Pub­lic takes no­tice

Shepparton News - Country News - - NEWS -

De­cem­ber’s Mel­bourne wa­ter rally raised aware­ness of farm­ers’ view of the Mur­ray-Dar­ling Basin Plan ac­cord­ing to the rally or­gan­iser Speak up Cam­paign.

‘‘The feed­back we got was that we were no­ticed by the pub­lic and by politi­cians,’’ cam­paign chair Shel­ley Scoullar said.

‘‘I think ev­ery­one we met be­came aware of the sense of depser­a­tion that we are feel­ing.

‘‘No, we didn’t stop Mel­bourne, but to do that would have re­quired a lot more peo­ple.’’

About 300 peo­ple par­tic­i­pated in the march down Collins St to Spring St on Fri­day morn­ing, De­cem­ber 14.

It was de­signed to co-in­cide with the meet­ing of Aus­tralian gov­ern­ment wa­ter min­is­ters, also in Mel­bourne the same morn­ing.

Mrs Scoullar got to meet with Vic­to­rian Wa­ter Min­is­ter Lisa Neville.

The march at­tracted print, ra­dio and tele­vi­sion cov­er­age, and Mrs Scoullar also dis­cov­ered some peo­ple who wit­nessed the rally were post­ing on so­cial me­dia.

‘‘Peo­ple came out of the shops and were ask­ing us: ‘what’s go­ing on, why are you protest­ing?’

‘‘I think we sent a very clear mes­sage: The basin plan is not work­ing now and never will be.’’

As for the out­come of the min­is­te­rial meet­ing, Mrs Scoullar be­lieves they have made some head­way in hav­ing the min­is­ters adopt a bet­ter neu­tral­ity test.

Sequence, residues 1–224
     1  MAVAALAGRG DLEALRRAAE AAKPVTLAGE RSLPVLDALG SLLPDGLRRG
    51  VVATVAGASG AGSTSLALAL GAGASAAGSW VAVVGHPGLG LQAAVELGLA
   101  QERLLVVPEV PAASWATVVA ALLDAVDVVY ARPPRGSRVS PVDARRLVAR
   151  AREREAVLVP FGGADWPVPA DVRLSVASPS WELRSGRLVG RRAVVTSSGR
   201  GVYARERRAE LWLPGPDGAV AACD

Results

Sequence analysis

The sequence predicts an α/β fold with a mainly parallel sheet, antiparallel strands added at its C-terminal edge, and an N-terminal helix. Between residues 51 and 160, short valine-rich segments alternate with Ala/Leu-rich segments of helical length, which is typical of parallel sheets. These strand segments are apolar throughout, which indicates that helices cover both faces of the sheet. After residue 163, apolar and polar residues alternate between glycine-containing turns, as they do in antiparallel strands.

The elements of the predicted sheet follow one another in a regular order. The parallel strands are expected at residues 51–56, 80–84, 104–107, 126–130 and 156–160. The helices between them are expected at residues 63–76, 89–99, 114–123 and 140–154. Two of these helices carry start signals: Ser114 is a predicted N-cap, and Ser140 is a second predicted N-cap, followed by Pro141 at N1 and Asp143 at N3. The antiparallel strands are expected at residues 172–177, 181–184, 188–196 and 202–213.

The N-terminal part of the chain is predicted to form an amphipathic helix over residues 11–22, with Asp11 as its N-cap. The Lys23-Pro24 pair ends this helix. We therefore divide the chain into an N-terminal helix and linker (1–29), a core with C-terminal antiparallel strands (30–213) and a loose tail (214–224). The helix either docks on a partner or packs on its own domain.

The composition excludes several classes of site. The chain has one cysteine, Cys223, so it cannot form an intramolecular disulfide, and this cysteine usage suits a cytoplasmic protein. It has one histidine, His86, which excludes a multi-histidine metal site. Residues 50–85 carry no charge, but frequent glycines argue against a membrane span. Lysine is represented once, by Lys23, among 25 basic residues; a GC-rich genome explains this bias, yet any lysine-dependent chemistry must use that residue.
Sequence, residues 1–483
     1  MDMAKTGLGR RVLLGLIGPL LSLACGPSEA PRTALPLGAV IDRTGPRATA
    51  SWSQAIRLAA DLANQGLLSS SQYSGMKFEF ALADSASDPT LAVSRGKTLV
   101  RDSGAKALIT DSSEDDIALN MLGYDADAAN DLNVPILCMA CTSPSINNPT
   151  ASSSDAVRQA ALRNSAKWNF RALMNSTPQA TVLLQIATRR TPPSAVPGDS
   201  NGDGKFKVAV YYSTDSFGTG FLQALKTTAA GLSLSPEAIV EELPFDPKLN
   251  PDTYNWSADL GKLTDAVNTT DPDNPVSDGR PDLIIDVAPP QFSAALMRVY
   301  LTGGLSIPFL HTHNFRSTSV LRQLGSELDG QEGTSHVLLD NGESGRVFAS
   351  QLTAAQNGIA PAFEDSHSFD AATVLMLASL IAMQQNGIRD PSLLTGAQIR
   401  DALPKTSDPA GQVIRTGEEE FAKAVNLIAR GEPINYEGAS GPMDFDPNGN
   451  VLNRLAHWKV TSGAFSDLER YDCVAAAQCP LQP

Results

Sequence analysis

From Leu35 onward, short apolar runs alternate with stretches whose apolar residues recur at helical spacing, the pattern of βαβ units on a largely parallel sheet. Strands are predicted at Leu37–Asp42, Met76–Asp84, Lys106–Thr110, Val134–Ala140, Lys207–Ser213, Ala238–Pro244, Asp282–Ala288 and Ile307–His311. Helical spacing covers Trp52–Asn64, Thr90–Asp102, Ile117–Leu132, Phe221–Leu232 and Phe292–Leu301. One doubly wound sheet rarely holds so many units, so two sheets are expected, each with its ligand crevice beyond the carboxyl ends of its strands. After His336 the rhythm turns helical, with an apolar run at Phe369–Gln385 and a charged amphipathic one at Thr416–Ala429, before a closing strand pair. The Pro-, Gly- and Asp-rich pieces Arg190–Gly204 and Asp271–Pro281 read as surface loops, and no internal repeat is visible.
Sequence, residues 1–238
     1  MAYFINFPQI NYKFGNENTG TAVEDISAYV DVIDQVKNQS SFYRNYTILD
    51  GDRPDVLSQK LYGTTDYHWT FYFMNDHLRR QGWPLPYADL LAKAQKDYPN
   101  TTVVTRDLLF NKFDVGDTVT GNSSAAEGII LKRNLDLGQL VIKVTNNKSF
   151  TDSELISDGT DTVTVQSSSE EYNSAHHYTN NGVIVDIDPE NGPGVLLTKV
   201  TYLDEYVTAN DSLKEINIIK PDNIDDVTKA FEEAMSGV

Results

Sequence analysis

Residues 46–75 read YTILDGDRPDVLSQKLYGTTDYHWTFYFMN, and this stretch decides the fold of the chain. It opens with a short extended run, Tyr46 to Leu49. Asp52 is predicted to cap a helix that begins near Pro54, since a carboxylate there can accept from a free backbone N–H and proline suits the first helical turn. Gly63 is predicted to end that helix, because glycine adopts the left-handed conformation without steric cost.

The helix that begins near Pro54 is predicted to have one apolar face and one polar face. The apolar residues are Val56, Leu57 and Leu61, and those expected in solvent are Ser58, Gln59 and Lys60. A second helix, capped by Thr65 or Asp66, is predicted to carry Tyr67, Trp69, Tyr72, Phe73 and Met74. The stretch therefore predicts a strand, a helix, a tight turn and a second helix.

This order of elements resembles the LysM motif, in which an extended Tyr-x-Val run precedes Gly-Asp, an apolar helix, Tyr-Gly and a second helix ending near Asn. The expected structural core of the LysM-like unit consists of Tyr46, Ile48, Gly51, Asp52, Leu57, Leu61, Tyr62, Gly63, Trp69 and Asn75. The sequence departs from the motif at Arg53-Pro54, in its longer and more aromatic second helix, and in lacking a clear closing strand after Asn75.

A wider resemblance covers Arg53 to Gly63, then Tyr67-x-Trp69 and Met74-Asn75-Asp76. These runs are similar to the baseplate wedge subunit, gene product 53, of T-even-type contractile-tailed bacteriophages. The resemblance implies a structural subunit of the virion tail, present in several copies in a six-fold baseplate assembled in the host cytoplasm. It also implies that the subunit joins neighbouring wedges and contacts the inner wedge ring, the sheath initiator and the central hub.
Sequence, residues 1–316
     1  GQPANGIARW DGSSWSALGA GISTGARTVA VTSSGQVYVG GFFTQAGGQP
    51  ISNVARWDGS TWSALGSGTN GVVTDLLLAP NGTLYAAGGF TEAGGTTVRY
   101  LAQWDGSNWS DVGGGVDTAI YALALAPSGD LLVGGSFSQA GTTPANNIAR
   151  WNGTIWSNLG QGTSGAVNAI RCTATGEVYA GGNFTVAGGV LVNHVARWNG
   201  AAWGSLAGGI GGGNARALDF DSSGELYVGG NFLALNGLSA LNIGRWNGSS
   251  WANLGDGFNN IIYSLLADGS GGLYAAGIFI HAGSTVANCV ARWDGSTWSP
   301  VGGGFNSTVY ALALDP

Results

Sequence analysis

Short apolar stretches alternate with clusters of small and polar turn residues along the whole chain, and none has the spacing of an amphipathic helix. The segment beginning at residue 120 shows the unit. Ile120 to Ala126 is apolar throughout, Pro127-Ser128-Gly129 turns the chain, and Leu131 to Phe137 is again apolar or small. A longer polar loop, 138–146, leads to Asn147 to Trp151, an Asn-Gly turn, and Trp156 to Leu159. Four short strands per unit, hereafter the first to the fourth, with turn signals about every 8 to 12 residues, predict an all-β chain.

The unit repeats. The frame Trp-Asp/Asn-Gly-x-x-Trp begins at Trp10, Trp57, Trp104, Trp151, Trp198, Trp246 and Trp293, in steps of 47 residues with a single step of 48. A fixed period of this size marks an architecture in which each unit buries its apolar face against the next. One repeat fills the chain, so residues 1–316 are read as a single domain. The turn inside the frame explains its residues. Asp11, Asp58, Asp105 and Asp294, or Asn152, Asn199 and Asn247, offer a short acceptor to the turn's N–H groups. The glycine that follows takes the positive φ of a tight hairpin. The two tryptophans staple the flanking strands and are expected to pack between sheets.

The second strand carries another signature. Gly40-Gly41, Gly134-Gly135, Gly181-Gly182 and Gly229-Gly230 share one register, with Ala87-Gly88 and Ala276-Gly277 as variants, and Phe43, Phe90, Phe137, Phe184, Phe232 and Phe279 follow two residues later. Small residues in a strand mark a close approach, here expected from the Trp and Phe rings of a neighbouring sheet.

Projects in­volv­ing the ex­tra 450 Gl of ‘up-wa­ter’ for the en­vi­ron­ment will now be re­quired to have a pos­i­tive or neu­tral im­pact on the com­mu­nity.

While pos­i­tive about this out­come, Mrs Scoullar said there were still many flaws in the plan, and the Speak Up group would be mon­i­tor­ing progress to en­sure the neu­tral­ity test was cor­rectly ap­plied by the bu­reau­crats.

Mrs Scoullar said she had read that ALP Sen­a­tor Penny Wong had re­marked that farm­ers needed to be paid more to re­cover wa­ter, how­ever Mrs Scoullar said that in­di­cated a mis­un­der­stand­ing of the is­sue for ir­ri­ga­tors.

‘‘No amount of money would be suf­fi­cient com­pen­sa­tion for the re­duc­tion in pro­duc­tiv­ity. That can never be re­placed.

‘‘If farm­ers are paid a cer­tain amount of money, then that may be suf­fi­cient for them per­son­ally, but you can­not fac­tor in the im­pact on ru­ral economies.’’

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